Game Of Thrones, Season 06 – Jonathan Pryce chats
Q: Set the scene for High Sparrow as we begin Season Six.
A: Well we left him at the end of season five where he’d demanded that Cersei take the walk of shame, and that’s the last image I think you saw of him.
Q: Do you think High Sparrow took any pleasure in Cersei‘s downfall?
A: Journalists have referred to a smile on my face when Cersei was enduring her fate, one even called it a smirk, and I was thinking ‘did I really?’ I’m going to have to watch it again because I wasn’t aware that he was smiling so much. One of the character notes that I think Dan and David put in for High Sparrow is that everything is done gently and with a smile. So he administers these punishments and says the most outrageous things, but always with a gentle smile. Those are the most infuriating people to deal with. You know, you can imagine the exasperation of someone like Olenna Tyrrell – you know the scene I had with Diana Rigg last season – where he’s very calmly saying, ‘We are the many, you are the few’ but what he means is I’m pronouncing your death sentence.
Q: Will we learn more about High Sparrow’s background this season?
A: You will discover more about High Sparrow, where he came from, what drew him to this faith. It was all with good intentions; he had lived a very debauched life, he was very rich, and he woke up one morning and said, ‘This is wrong’ and walked out with bare feet. He didn’t dress or anything and he has stayed bare-footed ever since.
Q: Yet he doesn’t see himself as a bad man…
A: He’s not close to thinking that what he’s doing is maybe too extreme or wrong; he is still on that path of righteousness.
Q: And as Jonathan where would you place him on the moral scale? A goodie or a baddie?
A: Well as an actor, whatever I’m playing – and I’ve played a lot of bad guys, and I’ve played a lot of very good guys – they all have the same self-belief up to a point. I’ve never played anyone who is a sadist, who knows he’s doing bad. Most of the people I’ve played – and I count High Sparrow among them – don’t have an awareness. Because even when people say to me, ‘Oh God I hate High Sparrow, he’s really bad,’ I respond with ‘Why do you think he’s bad? He’s sorting out these bad people – they’re bad, and he’s making them better.’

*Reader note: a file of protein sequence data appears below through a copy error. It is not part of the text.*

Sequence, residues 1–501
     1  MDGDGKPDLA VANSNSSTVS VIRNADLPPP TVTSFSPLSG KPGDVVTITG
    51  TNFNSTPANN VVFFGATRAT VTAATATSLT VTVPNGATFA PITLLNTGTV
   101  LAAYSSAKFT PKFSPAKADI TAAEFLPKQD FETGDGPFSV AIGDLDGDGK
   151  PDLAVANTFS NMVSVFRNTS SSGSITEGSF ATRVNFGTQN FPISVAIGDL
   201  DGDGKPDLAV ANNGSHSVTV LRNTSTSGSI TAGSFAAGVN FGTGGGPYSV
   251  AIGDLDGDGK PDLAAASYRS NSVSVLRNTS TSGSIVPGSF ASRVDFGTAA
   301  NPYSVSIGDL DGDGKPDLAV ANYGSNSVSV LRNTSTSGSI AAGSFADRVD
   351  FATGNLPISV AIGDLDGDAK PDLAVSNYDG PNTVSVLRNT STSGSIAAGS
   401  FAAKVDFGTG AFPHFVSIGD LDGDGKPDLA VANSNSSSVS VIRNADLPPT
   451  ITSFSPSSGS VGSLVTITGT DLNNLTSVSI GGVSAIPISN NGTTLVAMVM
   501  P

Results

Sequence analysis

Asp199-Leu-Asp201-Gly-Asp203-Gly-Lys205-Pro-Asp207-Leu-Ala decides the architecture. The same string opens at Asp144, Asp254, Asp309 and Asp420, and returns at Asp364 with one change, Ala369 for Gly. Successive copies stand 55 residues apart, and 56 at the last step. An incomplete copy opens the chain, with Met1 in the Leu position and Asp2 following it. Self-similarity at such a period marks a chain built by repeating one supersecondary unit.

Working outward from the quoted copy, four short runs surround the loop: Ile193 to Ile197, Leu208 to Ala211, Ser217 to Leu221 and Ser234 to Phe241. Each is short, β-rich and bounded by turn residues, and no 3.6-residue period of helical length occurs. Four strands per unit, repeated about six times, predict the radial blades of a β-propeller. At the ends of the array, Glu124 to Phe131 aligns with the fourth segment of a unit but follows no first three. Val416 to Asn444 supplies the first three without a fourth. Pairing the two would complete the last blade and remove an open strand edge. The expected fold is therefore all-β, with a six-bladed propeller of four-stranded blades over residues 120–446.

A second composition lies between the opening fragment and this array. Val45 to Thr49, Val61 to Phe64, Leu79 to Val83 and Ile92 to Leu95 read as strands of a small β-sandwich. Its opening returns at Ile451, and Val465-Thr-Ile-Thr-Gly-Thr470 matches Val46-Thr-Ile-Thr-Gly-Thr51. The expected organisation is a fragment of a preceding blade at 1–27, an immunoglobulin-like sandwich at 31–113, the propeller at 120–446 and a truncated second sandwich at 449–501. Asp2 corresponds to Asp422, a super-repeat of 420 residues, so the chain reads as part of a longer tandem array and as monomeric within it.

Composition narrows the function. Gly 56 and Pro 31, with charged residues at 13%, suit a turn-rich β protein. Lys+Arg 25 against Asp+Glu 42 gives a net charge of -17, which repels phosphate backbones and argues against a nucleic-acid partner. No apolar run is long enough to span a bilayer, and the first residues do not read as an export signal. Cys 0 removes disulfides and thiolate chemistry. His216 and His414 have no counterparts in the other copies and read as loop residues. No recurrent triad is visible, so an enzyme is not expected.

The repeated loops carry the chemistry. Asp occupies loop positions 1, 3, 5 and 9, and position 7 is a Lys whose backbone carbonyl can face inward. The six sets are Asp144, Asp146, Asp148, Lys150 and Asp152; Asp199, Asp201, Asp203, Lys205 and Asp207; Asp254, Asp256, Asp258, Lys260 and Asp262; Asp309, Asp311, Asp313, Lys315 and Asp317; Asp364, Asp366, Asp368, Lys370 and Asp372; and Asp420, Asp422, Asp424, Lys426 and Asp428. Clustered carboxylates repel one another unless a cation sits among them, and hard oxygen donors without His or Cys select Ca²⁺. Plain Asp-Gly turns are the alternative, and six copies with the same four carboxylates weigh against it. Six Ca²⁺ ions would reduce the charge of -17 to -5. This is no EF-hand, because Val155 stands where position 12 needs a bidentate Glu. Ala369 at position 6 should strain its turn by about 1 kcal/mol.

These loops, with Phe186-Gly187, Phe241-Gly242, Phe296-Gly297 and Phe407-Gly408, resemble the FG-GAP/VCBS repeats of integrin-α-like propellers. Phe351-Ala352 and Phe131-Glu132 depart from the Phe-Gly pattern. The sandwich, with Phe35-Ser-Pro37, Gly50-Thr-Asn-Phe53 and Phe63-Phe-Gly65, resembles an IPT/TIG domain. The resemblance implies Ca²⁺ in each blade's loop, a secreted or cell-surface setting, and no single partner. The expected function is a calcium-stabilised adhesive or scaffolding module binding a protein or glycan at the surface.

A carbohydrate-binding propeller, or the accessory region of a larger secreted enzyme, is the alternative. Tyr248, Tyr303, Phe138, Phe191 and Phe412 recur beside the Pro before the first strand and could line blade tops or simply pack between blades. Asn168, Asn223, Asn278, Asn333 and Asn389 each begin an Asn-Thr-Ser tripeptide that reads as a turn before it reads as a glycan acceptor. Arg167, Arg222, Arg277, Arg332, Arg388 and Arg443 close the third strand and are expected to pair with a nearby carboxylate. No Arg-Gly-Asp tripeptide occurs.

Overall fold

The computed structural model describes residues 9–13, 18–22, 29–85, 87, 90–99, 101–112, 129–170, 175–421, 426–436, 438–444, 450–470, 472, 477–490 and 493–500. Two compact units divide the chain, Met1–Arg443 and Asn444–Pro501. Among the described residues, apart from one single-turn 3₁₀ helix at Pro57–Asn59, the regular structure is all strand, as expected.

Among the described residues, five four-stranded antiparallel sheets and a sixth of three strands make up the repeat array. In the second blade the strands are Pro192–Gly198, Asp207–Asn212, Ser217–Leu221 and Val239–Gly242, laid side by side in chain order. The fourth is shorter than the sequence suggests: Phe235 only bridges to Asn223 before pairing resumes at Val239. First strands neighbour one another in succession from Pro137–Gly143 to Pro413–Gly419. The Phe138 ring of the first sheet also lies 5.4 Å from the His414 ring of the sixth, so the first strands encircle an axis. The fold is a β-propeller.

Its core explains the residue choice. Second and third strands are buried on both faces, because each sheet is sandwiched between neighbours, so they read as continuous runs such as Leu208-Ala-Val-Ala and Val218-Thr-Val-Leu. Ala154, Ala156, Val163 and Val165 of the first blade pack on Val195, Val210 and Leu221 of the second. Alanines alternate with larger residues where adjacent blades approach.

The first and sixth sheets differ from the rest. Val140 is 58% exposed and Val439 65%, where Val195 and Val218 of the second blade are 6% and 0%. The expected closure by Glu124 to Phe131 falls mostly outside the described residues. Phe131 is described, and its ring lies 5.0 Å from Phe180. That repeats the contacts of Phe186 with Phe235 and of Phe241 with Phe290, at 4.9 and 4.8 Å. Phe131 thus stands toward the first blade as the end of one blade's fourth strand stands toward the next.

Q: You played Cardinal Wolsey in Wolf Hall last year. Are there any parallels between the two characters?
A: Well yes – and I think George Martin’s acknowledged that some of the source material for Game of Thrones is the Wars of the Roses and the two great houses and the shifts in power. Wolsey made his commitment to Henry, and then there was a power shift and he was out. We’ll see what happens to High Sparrow.
Q: How did you find working in the Great Sept of Baelor, a giant, 360 degree set?
A: It was a similar feel to when I made Brazil with Terry Gilliam. Terry made big sets – the Ministry of Information was two sound stages at Lees in Wembley, and it was incredibly impressive.
Q: Can you tell us how the story climaxes this season?
A: Everyone is waiting for Cersei to come to her trial, which is to be held in the Sept. Everyone is there. And of course I’ve taken my eye off the ball in that the assumption is that she will come and though I’m told she hasn’t left the house I had thought she’s bound to come. In the meantime all these plots and machinations are taking place above us and below us. The tension should be palpable that while up above people are gathering in this massive space, very content and assuming all is going well, at the same time there’s a surprise brewing for all of them…
Q: There are some villains in Game of Thrones who are obviously villainous for its own sake and others who do misdeeds with other intentions. Which is High Sparrow?
A: Well I’ve got to see him as good and I find it very hard to be objective about him, I certainly didn’t want to when playing a character because I wanted to believe whole-heartedly in what the High Sparrow was doing. There was a scene, where I’m praying at the altar, and Margaery comes in, and I’m expecting her to come. In one take I open my eyes in a way that suggested, ‘I know what’s going to happen next, I’m going to have this scene with Margaery.’ And the director spotted it and said, ‘Don’t give anything away, just open your eyes and then play the scene’. That says so much about the character – he’s not necessarily thinking ahead and plotting, or at least he’s certainly not showing the audience that he’s a plotter. I’m still being referred to as a bad character but hopefully he can seduce the audience in addition to his attempts to seduce Margaery and Tommen into the faith.
Q: What is his motivation, then?
A: I think he hates anyone of the ruling class. That’s his motivation really: revolution.
Q: You film in Ireland wearing just a sackcloth and…
A: …and bare feet, that’s the worst bit. Luckily the lovely dresser would bring me a hot water bottle to put on my feet on when I sat down. They film with three or four cameras and sometimes they’re miles away, so you never quite know what’s in shot. Which meant I couldn’t get away with trying to wear shoes for warmth. The camera would be a mile away and you’d get, ‘Sorry Jon, we can see your feet’! I’d still keep trying to get away with it.
Q: Does the High Sparrow have the tattoo of the Faith Militant? And if not, why not? The brand?
A: He doesn’t have it and that’s a good question. Suffice to say that I don’t think he would have been branded. Good God, no!